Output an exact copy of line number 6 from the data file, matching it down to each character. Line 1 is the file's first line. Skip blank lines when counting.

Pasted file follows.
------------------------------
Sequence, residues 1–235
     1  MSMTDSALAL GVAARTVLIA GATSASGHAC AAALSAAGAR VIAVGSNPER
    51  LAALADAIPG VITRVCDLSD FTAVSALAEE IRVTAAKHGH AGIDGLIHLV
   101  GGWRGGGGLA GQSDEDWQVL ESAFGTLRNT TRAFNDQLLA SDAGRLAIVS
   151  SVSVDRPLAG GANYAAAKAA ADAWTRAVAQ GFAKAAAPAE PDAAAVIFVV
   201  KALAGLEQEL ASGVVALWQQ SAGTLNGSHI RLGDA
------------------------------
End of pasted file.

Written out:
   201  KALAGLEQEL ASGVVALWQQ SAGTLNGSHI RLGDA